There are two major types of organizational system thinking; open and closed. Open-system thinkers are aware of what’s happening around them. Their eyes are wide open to
the changes that take place in the surrounding business environment and react to changes. Closed-system thinkers are the opposite. They function in bubbles, closed off from outside considerations and influences, and therefore see no need to change.
In his classic management book, “Images of Organizations,” Gareth Morgan, describes types of organizations through metaphors. Several of the metaphors he uses include “corporate blindness, organizational psychic prisons, and instruments of domination.” (Morgan, 2006). Corporate blindness and psychic (mental) prisons result when a company thinks of itself as a closed system.
Closed systems do not consider changes in the business environment around them. We can see this effect in the manufacturing industry in America. While other nations adopted TQM, Six Sigma, and customer-centric, continuous-improvement methodologies, many industries ignored the threat of global competition. Closed systems do not welcome input from outside resources.
Many closed-system thinkers develop a “we know it all” attitude, and therefore do not consult those who are “lower in the ranks” or external expert resources. Closed systems produce a corporate culture and way of thinking that does not embrace the freedom of thought or novel ideas. Phrases such as “we’ve always done it this way” and “don’t rock the boat” are typical of companies that have created psychic prisons. Mental prisons result when leaders discourage employees from being creative and looking outside the status quo for ideas. Workers and mid-level leaders become afraid to offer their opinions. Management views creativity and new ideas as a challenge to their authority, resulting in employees feeling at risk when sharing suggestions for change. When this happens, corporations and leaders can become as Morgan calls them “instruments of domination.” (Morgan, 2006). Open system thinking can help prevent corporate blindness, psychic prisons, and from becoming instruments of domination.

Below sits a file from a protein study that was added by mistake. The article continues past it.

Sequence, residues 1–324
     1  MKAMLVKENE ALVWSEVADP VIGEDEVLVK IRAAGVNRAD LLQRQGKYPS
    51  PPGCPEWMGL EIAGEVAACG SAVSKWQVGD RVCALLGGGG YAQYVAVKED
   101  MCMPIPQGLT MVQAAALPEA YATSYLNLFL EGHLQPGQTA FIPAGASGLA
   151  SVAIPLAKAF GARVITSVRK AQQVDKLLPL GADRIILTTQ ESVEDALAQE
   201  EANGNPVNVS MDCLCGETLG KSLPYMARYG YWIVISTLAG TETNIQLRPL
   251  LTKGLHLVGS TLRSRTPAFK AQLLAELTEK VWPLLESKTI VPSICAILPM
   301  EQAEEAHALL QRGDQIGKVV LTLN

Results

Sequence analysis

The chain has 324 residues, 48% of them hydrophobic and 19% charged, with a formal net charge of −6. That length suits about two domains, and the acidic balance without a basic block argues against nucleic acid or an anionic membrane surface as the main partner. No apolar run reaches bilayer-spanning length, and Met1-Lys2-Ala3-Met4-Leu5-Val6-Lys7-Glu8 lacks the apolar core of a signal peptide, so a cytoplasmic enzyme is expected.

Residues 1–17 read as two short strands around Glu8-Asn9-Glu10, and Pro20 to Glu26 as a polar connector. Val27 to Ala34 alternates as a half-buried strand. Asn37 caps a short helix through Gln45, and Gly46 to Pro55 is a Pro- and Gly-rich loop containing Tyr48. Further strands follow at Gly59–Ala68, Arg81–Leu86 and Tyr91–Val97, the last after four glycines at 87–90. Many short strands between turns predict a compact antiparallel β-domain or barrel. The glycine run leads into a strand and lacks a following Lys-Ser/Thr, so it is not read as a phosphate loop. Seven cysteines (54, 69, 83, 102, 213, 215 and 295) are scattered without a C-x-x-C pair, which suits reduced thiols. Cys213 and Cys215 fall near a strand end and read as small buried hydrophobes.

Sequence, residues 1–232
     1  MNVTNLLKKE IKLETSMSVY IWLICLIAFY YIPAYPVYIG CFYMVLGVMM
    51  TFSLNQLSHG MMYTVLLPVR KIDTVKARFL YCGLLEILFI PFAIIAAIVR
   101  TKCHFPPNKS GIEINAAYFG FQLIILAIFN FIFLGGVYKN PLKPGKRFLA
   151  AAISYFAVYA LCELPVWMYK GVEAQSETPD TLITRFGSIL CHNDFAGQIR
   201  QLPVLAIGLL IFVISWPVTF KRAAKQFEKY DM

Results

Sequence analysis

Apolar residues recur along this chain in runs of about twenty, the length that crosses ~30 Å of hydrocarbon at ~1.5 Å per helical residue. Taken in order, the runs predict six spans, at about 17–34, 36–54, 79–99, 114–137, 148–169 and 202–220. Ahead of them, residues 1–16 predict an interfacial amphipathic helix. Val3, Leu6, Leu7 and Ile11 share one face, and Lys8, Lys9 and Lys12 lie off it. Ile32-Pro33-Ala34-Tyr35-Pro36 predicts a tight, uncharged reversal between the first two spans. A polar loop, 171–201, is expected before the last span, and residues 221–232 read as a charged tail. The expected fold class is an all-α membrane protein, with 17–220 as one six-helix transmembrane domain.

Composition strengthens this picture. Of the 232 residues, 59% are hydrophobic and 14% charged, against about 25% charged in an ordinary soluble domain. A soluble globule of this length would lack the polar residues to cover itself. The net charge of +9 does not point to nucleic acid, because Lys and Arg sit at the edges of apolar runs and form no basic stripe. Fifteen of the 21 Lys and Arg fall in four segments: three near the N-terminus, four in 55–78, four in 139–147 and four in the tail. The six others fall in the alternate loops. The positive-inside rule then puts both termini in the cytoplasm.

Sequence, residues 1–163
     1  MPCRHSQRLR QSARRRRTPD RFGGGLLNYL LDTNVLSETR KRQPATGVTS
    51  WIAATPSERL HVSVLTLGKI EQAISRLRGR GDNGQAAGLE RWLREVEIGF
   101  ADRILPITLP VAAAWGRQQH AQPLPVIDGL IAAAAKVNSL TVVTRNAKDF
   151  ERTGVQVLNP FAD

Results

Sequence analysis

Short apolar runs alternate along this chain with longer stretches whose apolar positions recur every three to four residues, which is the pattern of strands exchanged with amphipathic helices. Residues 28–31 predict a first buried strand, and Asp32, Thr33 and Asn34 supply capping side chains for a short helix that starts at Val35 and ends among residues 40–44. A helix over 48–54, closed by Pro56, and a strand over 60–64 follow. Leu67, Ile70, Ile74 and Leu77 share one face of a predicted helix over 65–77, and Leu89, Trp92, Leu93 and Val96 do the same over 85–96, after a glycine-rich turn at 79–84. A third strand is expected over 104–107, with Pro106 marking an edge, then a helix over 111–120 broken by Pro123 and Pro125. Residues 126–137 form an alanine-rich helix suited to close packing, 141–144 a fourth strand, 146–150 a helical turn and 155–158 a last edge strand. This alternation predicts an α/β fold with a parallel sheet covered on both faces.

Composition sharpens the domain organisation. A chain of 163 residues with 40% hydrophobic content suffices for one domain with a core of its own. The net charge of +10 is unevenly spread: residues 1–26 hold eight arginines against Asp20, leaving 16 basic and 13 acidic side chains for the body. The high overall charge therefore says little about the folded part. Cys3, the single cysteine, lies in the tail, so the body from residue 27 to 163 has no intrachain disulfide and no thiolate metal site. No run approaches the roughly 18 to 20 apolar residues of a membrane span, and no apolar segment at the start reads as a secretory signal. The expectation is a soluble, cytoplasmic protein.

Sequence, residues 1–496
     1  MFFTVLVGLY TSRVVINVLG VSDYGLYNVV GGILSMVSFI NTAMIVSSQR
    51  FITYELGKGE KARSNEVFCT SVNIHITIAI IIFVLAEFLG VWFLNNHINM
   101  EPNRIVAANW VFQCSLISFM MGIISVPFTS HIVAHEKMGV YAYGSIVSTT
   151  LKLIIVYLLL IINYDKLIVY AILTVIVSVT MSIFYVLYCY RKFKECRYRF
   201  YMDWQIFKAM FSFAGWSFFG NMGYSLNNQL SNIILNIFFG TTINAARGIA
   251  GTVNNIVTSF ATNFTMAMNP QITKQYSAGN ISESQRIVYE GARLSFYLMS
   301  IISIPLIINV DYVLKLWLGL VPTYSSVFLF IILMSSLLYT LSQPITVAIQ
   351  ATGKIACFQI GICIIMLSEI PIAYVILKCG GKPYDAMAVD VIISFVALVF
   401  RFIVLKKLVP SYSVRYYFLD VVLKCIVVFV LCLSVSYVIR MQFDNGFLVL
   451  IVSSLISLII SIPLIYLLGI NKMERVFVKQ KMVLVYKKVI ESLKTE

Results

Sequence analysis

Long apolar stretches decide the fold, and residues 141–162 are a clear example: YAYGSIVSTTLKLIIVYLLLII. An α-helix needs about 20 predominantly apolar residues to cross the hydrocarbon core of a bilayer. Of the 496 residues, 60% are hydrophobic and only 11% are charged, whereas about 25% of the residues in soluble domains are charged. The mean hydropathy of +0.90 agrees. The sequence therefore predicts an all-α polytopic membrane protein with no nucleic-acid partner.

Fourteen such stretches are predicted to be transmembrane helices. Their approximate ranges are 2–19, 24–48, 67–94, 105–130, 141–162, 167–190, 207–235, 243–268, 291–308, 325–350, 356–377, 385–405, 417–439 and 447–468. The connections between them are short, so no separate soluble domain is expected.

Although I would like nothing more than to dive further into system thinking and automated growth, it encompasses a deep understanding of meta-systems and complex adaptive systems that stretch far beyond the bounds of reading a blog or gathering information from a website. However, I hope to have the opportunity to discuss how to create autopoietic systems that perpetuate vitality and organizational growth with you in person. I look forward to meeting you, whether on a leadership webinar, as a member in my private mentorship group, or at a sponsored leadership event by your organization.
Thanks for your desire to be the best leader you can be. I’m sure your future will be bright as you develop and mature as a leader. As you choose to lead, don’t go at it alone, reach out for assistance. All great leaders have a mentor or coach; I do too.
References: (Omnicom Group, 2019), (FourSight, 2018)(Lucidchart, 2017),(Plenert, 2012),(Johnson & Johnson, 2013),(Seidi, 2004),(Morgan, 2006),(Livingston, 2014), (Buschman, 2020).